4 Beliefs That People Who Have Spontaneous Healings Share
By Joe Dispenza, D.C., published on September 8, 2015
After years of interviewing people who have experienced spontaneous remissions and healings, I have discovered they share four specific qualities or beliefs.
Coincidence #1: A Belief That An Innate Higher Intelligence Gives Us Life And Can Heal The Body
Everyone who experienced a spontaneous remission believed that a higher order or intelligence lived within him or her. Whether they called it their divine, spiritual, or subconscious mind, they accepted that they could direct it to work for them.
This is nothing mystical. It is the same intelligence that organizes and regulates all the functions of the body. This power keeps our heart beating without interruption more than 100,000 times per day. This happens automatically, without care or cleaning, repair or replacement.
Just now, some 100,000 chemical reactions took place in every single one of your cells. Now multiply 100,000 chemical reactions by the 70 to 100 trillion cells that make up your body. Do you have to think to perform even one of those reactions? Many of us can’t even balance our checkbooks or remember more than seven items from our shopping lists, so it’s fortunate for us that some intelligence smarter than our conscious mind is running the show.
Some intelligence is at work in us that far exceeds our conscious abilities, it’s incredibly complex workings take place virtually behind our back. Yet the only time they become significant to the conscious mind is when something goes wrong.
This intelligence knows how to maintain order among all of the cells, tissues, organs, and systems of the body because it created the body from two individual cells.
My subjects’ came to understand that if they tapped into this intelligence and used their thoughts to direct it, it would know how to heal their bodies for them. Their greater mind already knew how to take care of business, if they could only make contact with it.
The abilities of this innate intelligence, subconscious mind, or spiritual nature are far greater than any pill, therapy, or treatment, and it is only waiting for our permission to willfully act.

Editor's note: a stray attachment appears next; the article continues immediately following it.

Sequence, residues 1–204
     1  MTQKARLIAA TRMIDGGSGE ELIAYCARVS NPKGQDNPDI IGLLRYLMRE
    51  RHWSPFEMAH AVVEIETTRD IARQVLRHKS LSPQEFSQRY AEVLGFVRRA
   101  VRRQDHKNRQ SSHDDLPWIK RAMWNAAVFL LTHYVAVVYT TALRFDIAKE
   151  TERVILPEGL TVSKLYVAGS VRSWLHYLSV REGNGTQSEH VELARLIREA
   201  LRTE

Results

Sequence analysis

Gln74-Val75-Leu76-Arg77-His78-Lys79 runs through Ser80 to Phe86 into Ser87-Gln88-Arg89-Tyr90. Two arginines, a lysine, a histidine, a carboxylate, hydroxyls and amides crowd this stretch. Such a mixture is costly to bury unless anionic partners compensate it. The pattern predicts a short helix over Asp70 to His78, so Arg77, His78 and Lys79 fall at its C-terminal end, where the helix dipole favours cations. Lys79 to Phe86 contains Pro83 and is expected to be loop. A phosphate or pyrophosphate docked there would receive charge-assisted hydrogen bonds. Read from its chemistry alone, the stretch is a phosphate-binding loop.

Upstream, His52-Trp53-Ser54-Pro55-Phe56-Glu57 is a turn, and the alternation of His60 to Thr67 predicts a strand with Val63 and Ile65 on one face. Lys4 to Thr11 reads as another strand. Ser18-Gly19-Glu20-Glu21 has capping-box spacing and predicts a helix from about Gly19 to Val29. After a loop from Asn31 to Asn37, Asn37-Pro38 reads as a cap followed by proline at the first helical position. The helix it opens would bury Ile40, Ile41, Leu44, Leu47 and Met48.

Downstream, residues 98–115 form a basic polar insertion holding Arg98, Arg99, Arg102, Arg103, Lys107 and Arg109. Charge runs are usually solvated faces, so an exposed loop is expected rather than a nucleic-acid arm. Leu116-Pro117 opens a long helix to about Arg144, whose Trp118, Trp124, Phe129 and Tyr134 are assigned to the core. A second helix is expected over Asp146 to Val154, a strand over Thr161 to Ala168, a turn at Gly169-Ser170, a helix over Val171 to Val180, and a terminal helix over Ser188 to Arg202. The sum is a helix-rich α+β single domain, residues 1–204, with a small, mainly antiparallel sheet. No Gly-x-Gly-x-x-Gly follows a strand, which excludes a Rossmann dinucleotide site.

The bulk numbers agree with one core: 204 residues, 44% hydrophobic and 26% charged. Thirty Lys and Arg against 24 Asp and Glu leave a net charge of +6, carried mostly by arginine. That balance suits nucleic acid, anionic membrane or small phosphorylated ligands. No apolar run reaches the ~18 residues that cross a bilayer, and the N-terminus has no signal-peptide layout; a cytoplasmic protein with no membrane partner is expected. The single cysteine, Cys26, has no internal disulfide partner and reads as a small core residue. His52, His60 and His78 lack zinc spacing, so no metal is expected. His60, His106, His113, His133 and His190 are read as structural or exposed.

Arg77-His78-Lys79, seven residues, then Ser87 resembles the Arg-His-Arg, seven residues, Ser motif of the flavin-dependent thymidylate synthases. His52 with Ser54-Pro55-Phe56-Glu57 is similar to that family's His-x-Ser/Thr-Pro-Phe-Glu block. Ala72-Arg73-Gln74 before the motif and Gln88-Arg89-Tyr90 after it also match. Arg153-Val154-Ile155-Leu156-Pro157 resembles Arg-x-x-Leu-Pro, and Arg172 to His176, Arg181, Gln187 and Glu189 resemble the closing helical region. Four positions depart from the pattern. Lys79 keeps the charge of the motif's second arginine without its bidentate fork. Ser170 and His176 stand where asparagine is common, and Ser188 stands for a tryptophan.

Coincidence #2: Thoughts Directly Affect The Body
The way we think affects our body as well as our life as expressed in the phrase “mind over matter.” The people I interviewed shared this belief and used it to make conscious changes in their own mind, body, and personal life.
A science called psychoneuroimmunology demonstrates the connection between the mind and the body. Your every thought produces a biochemical reaction in the brain. The brain then releases chemical signals that are transmitted to the body, where they act as the messengers of the thought that is matched by a feeling in your body. For example, when you anticipate an experience that is pleasurable, the brain immediately makes a chemical neurotransmitter called dopamine, which turns the brain and body on in anticipation of that experience and causes you to begin to feel excited. If you have hateful, angry, or self-deprecating thoughts, the brain also produces chemicals called neuropeptides that the body responds to in a comparable way. You feel hateful, angry, or unworthy.
The more we think the same thoughts, which then produce the same chemicals, which cause the body to have the same feelings, the more we physically become modified by our thoughts. What we think about and the energy or intensity of these thoughts directly influences our health, the choices we make, and, ultimately, our quality of life.
Applying this reasoning to their own lives, many interviewees understood that many of their thoughts not only did not serve their health, but also might be the reason their unhappy or unhealthy conditions developed in the first place. Many of them had spent nearly every day for decades in internal states of anxiety, worry, sadness, jealousy, anger, or some other form of emotional pain. Thinking and feeling, feeling and thinking like that for so long, they said, is what had manifested their conditions.